Each of the isolates harbored aphA-1 and tet(H), conferring resistance to neomycin and oxytetracycline, respectively (Figure 1). Isolates 50A and 55A also harbored blaROB-1, which encodes resistance to ampicillin and penicillin, even though only 55A exhibited phenotypic resistance to these antibiotics. None of the macrolide resistance genes that were screened for were detected by PCR in any of the isolates.
FIGURE 1. Genetic relatedness and resistance profiles of tulathromycin-resistant Mannheimia haemolytica collected from feedlot cattle. The dendrogram was created using UPGMA clustering of Dice coefficient values. Similarity matrix was based on band-matching analysis, optimization and tolerance settings of 1.0 and 1.5%, respectively. Resistance genotype was based on detection of resistance genes by PCR. Neo, neomycin; Oxy, oxytetracycline; Til, tilmicosin; Tul, tulathromycin, Amp, ampicillin.
All five M. haemolytica isolates were serotype 1. Upon PFGE analysis, a dendrogram of the isolates revealed two clusters (Figure 1). Isolates 32A, 32B, and 32C originating from animal A028 exhibited identical pulsotypes forming one cluster whereas isolates 50A and 55A from animals A156 and A877 had similar pulsotypes and formed a second cluster.
Across the four feedlots, the prevalence of M. haemolytica carriage at entry (13.7%) was similar to previous studies that sampled healthy feedlot cattle (Klima et al., 2011; Fulton et al., 2002). Only 146 cattle were positive for M. haemolytica at both samplings and a large number of cattle initially positive at entry became negative at ≥60days of feed. Despite this, overall prevalence increased at the ≥60 days on feed time point (20.6%). Active colonization of the nasal mucosa by M. haemolytica has been shown to fluctuate in feedlot cattle (Magwood et al., 1969) and this may explain why the majority of cattle shedding at entry or ≥60 days on feed were only positive at one of the sampling times, and not the other. The tonsillar crypts have been suggested to be a reservoir for M. haemolytica (Frank and Briggs, 1992) and isolation from the tonsils is possible when nasal samples are negative (Frank et al., 1994). It has been suggested that sampling at the time of entry into feedlots most accurately reflects the frequency of M. haemolytica colonization, due to increased shedding resulting from stress associated with transportation (Frank and Smith, 1983). Our data suggest that this may not be the case and that a large number of cattle can actively shed M. haemolytica after ≥60 days in the feedlot.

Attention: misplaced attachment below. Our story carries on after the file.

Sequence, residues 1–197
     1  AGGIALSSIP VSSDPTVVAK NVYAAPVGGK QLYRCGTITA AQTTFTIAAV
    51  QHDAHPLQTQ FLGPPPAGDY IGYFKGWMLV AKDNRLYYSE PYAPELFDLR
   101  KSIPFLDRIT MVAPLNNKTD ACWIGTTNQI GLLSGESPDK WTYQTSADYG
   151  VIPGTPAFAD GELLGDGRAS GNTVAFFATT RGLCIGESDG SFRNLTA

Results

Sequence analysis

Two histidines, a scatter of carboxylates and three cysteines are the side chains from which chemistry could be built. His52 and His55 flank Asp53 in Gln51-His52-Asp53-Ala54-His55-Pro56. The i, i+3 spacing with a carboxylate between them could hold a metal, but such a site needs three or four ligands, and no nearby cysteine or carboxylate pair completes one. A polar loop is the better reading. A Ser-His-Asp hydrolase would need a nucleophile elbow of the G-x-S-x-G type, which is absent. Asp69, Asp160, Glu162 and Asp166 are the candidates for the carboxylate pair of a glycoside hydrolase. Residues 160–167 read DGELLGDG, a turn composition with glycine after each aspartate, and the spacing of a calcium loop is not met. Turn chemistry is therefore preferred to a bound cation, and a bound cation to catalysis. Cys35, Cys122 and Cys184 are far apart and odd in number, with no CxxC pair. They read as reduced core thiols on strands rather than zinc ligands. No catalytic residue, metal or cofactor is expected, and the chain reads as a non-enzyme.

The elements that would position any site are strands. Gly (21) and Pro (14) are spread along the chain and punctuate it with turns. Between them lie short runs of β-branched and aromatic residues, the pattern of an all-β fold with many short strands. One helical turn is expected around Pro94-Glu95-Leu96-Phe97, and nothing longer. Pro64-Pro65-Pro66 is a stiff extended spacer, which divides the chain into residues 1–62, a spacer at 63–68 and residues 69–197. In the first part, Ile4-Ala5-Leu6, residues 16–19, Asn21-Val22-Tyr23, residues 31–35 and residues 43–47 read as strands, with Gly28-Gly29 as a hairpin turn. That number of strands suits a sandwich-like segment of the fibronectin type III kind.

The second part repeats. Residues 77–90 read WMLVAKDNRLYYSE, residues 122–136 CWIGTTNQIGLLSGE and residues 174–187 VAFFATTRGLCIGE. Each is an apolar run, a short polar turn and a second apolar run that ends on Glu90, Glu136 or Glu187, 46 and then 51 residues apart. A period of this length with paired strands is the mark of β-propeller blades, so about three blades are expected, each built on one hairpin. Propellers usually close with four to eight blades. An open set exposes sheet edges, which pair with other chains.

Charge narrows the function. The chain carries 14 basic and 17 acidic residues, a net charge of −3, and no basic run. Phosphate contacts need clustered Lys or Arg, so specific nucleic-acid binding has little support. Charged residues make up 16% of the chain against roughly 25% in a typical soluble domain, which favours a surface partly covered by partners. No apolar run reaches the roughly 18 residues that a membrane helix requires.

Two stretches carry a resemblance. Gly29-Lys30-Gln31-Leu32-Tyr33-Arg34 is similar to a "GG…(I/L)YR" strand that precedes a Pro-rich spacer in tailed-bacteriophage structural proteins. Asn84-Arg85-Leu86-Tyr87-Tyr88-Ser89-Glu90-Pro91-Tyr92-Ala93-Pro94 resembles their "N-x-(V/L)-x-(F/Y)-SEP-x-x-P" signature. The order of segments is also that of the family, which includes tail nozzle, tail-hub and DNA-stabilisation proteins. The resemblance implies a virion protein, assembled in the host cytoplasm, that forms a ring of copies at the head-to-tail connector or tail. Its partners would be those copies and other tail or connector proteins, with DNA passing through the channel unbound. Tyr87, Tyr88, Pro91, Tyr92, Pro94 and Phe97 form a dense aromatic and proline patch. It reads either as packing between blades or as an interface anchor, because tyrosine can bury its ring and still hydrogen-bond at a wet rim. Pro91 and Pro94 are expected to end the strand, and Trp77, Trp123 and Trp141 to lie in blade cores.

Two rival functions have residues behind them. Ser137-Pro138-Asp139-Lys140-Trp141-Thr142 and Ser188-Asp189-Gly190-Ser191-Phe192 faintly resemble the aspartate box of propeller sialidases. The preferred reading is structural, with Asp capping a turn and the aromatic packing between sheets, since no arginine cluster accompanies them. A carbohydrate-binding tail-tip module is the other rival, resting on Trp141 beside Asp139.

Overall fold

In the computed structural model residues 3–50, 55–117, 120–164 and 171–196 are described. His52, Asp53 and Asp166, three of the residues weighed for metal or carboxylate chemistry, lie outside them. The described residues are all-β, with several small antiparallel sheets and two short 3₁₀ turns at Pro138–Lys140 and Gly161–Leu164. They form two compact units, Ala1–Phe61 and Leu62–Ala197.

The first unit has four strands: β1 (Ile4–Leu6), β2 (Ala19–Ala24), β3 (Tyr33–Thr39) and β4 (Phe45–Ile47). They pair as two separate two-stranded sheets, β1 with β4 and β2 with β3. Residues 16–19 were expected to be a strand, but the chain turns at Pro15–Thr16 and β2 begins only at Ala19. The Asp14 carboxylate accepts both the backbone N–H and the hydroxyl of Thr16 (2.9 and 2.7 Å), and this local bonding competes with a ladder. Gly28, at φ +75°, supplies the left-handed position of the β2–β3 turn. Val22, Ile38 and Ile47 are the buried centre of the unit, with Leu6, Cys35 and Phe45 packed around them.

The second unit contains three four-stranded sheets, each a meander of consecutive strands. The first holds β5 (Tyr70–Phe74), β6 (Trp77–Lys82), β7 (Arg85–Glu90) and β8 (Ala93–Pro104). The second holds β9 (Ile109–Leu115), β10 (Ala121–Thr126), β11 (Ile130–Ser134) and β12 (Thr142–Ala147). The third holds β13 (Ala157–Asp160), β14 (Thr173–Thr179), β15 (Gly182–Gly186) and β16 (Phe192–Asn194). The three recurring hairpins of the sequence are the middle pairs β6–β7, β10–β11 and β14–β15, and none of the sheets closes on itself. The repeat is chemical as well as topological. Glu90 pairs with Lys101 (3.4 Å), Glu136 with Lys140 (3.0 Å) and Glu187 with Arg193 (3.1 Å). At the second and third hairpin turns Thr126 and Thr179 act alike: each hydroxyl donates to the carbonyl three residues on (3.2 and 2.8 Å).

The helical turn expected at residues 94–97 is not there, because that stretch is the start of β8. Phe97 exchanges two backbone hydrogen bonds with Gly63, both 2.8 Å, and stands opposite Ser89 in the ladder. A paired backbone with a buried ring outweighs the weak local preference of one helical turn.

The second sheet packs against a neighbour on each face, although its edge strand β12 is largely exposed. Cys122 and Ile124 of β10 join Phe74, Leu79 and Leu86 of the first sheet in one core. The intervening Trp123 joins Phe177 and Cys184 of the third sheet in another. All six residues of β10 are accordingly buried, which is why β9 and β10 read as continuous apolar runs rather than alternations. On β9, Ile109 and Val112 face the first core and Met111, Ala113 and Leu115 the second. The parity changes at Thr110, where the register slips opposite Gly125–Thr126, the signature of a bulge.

Studies on antimicrobial use and development of resistance in bacteria from livestock have focussed mainly on the potential impact on human health (Marshall and Levy, 2011). Resistance in veterinary pathogens has received less attention, despite the implications not only for animal health and welfare but also for the increased use of antimicrobial agents as a result of failed therapy. Given the few antimicrobial agents available to treat BRD (Portis et al., 2012), it is important to monitor the effect of commercial practices on resistance in BRD-related bacteria including M. haemolytica.
Metaphylactic treatment of cattle at high-risk of developing BRD upon feedlot entry has shown efficacy in reducing the rates of BRD (Taylor et al., 2010). Effective products include ceftiofur, florfenicol, tulathromycin, and tilmicosin (Taylor et al., 2010). Tulathromycin was approved for use in Canada in 2006 to treat and prevent BRD in feedlot cattle (Schunicht et al., 2007) and was accordingly being used by the feedlots enrolled in the present study. Sampling of cattle was random and took place over a 3-year period shortly after the approval of tulathromycin. Our study therefore represents a baseline of tulathromycin susceptibility in the BRD pathogen M. haemolytica in the feedlots analyzed.
More than 99% of M. haemolytica were susceptible to a tulathromycin concentration of 2 μg/mL, which is several magnitudes less than the resistant breakpoint (64 μg/mL). Five isolates were capable of growing on BHI plates supplemented with 2 μg/mL tulathromycin and each of these isolates were later confirmed as tulathromycin-resistant, having MICs of 64 μg/mL. We selected a concentration of 2 μg/mL for screening isolates with reduced tulathromycin susceptibility based on one of the few studies that have reported tulathromycin MICs in M. haemolytica field isolates in Europe (Godinho, 2008). Regulations in the European Union allow for tulathromycin to be used to prevent BRD, though unlike prevention in Canada, only after confirmation of the disease in a herd has been established (European Medicines Agency, 2013). Similar to our study, Godinho (2008) reported that low levels (97%) of bovine M. haemolytica field isolates had tulathromycin MICs of ≤2 μg/mL and a narrow range of MICs.